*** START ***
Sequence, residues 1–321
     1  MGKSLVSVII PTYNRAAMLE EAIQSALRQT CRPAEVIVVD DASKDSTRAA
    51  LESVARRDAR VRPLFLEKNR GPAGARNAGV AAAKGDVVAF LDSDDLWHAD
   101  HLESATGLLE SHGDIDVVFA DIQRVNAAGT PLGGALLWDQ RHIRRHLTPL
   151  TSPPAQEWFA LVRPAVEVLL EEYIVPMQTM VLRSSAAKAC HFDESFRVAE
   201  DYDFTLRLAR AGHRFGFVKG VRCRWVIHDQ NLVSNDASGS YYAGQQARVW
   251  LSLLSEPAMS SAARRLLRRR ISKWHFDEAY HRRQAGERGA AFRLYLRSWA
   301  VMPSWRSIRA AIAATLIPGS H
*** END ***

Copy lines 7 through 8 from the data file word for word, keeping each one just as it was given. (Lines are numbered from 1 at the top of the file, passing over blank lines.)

   251  LSLLSEPAMS SAARRLLRRR ISKWHFDEAY HRRQAGERGA AFRLYLRSWA
   301  VMPSWRSIRA AIAATLIPGS H